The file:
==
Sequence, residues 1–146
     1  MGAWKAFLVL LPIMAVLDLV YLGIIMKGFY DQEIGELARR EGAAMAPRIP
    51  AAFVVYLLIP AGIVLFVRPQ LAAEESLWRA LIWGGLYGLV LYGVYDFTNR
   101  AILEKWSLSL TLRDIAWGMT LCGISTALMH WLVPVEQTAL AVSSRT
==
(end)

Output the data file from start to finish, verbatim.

Sequence, residues 1–146
     1  MGAWKAFLVL LPIMAVLDLV YLGIIMKGFY DQEIGELARR EGAAMAPRIP
    51  AAFVVYLLIP AGIVLFVRPQ LAAEESLWRA LIWGGLYGLV LYGVYDFTNR
   101  AILEKWSLSL TLRDIAWGMT LCGISTALMH WLVPVEQTAL AVSSRT